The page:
The Seed Capital Scheme is very similar to the BES but what makes it potentially more attractive is that it provides for a refund of tax on an investment already made by an individual. That investment can be offset against the previous six years of PAYE income that an individual has earned and there’s a real opportunity to obtain a sizeable tax rebate up to €100,000.

 

The scheme is particularly attractive for anyone who has been on a good salary for a number of years. If someone has been made redundant recently, for example, he or she can use their redundancy payment to set up a new business that may qualify for the scheme under Revenue rules. If money is invested in the business it can be offset against the previous six years of income to trigger a tax rebate, meaning the cost of investing in the business is drastically reduced.

 

There are restrictions on the type of businesses that are eligible for investment, however. For starters, an individual who invests must enter into a full-time employment contract for at least one year, either as a director or as an employee. The second condition is that there are limits on the type of company that can qualify – the main categories for qualification include companies in the manufacturing industry or internationally traded services, while those involved in commercial research or development activities are also likely to meet the necessary criteria. The common theme, as you’ll have noticed though, is that innovation is required to qualify.

 

Companies seeking approval for the scheme should apply in the first instance to their County Enterprise Board for initial approval – by doing so, a company can fast-track its application to the Revenue for approval of seed capital relief. Your application will then be dealt with by the Revenue Commissioners’ branch in Dublin Castle.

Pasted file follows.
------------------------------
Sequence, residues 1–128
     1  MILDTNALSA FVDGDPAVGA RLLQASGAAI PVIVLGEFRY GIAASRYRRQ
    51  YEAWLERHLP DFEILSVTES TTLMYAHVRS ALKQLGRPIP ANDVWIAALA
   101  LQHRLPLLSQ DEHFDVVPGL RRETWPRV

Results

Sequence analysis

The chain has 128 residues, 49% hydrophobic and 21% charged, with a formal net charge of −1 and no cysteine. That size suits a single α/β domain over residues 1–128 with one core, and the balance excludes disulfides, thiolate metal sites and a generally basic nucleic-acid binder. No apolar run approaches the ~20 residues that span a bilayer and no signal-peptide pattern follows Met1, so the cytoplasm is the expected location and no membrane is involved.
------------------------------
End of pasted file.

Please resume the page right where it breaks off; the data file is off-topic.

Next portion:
The process itself may seem long and arduous but it’s worth it – right now the success rate for applications is particularly high given that the Government are doing all they can to incentivise people to invest in projects that are likely to create employment here. If the business plan is fundamentally sound and approval has been granted by a county enterprise board, the chances of success increase significantly.

 

At DCA Accountants and Business Advisors, we can help with applications for County enterprise board grants and also qualification under the Seed Capital relief scheme and assess whether or not a plan is likely to be approved at all levels. Once we have reviewed a business plan, we can point out areas where improvements need to be made therefore maximising the chances of success.

 

When we look at a business plan and application for any kind of investment, we can generally conclude very quickly if it will be successful in the approval process – our background when dealing with these matters is quite extensive and a number of our clients have secured investment through schemes like this after consulting our advisors. Like those that make the final decisions on applications, we closely scrutinise a business plan against the key criteria of the grant or investment scheme that a company is applying for and see how it measures up. If it does, then we can help with the necessary paperwork; however, if tweaks or adjustments need to be made in any area, we can point them out to give you and your business the best possible opportunity to qualify.

 

Declan Dolan,

Partner,